Shaq is not the kind of kid who expects honors in his life. After all, most of his life has been trauma and chaos. But this year, he graduated on the honor roll from Woodward High School and, as a child in the foster care system, was recognized in the 2014 Celebration of Dreams by Hamilton County Job and Family Services. On Sept. 11, he was recognized statewide by the Public Children Services Association of Ohio for its Rising Up Moving On Award. Foster children like Shaq, 18, usually do not graduate from high school; in fact, only 58 percent do each year. And abused and neglected children like Shaq are more likely to be homeless and in trouble with the law than starting college. But Shaq is living proof of how the human spirit can triumph, especially when compassionate people step forward to support a young person in trauma.
By the time 15-year-old Shaq was left on the porch of his adoptive motherâ€™s home standing next to his garbage bag of possessions, he had already been through unimaginable horrors. In his mom’s care, 10 years earlier, he and his five brothers were physically and sexually abused. They were split into three placements. A ProKids Court Appointed Special Advocate (CASA volunteer) stood by the brothers with CASA Manager Kathy King, advocating for their best interests.
Knowing that children do best with their siblings and in forever families, ProKids considered the case a success when four of the brothers were adopted into one family.
Shaq thought things were better too. “I had been really sad when we were taken from our mom. I was 4 or 5,” Shaq said. “And I was happy at first when we were adopted, especially since I was with my brothers.”
But as the boys grew into adolescence, their adoptive mother gave up on the brothers one-by-one. Before Shaq was thrown out, his older brother had already been moved to a group home. Because he was back in the foster care system, a new ProKids CASA volunteer and Kathy were back in his life.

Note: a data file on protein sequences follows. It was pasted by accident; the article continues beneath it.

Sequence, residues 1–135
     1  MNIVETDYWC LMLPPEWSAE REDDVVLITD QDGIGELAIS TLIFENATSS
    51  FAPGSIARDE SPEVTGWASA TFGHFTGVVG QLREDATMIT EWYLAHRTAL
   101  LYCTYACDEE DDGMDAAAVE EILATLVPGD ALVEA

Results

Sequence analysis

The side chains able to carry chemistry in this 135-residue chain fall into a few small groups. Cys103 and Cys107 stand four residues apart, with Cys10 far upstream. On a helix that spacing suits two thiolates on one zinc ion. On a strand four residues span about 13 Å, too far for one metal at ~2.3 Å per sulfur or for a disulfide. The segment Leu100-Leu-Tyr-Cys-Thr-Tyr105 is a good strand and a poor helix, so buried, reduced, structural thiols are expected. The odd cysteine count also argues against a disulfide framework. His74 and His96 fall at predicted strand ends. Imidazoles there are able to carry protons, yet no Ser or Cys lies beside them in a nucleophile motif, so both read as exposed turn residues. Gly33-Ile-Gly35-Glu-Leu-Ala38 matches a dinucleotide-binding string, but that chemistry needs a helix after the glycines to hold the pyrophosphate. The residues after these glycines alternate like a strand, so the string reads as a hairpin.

Because Kathy had known Shaq since 2001 — when he was a little boy — she understood his history. She was heartbroken when his adoptive mother made the decision she did. And she wanted to make sure he could achieve his dreams.
Kathy said the smart, smiling Shaq did not want to go to a group home as his older brother had. But after all the rejection in his life, he had a hard time in foster families, moving three times in two years. “He kept saying to me, ‘I’m a good kid,” Kathy recalled.
Shaq found support at his church and found loving people who cared about him. One family in particular was willing to offer him a home, but not as a foster family.
King, with Hamilton County Job and Family Services, advocated in court for an unusual approach: an independent host home with the family from his church. They would help Shaq as he continued high school and launched into adulthood.
Of his new family Shaq said simply: “I love them people.”
A football player, Shaq finished on time at Woodward High School this past spring, graduating on the honor roll. He is close to his host family, joining them on a vacation this summer. He remains active in his church and started at UC Blue Ash this fall.
“I always knew I would graduate from high school,” Shaq said. “That was my main goal. Now I want to finish college to be a social worker and help foster kids because I know what they go through.”
His ProKids CASA volunteer, Galen, says Shaq’s success is mostly because of Shaq. “His motivation comes from himself,” he says. “I ask him ‘what is it I can do to make your situation better?’ and it’s things like his expired bus pass and a new medical card.”
Galen knows that he has a different perspective on Shaq’s life than his county caseworker or even his host family. “I learn things about Shaq because of my unique relationship with him and his brothers,” he said. “I can have a different attitude than other official people. I’m about what is best for Shaq – not necessarily what he wants, but what’s in his best interest.”
Shaq and his brothers grew up with trauma, Kathy says. “Like many abused children, they suffer from PTSD and have to face their fears every day. But Shaq, thanks to many adults in his life life and his own internal drive, has overcome many of the obstacles that stood in his way.”
Of ProKids, Shaq says “My CASA volunteer is really caring. It’s all about me. And Miss Kathy? I just love Miss Kathy. She’s always got my back.”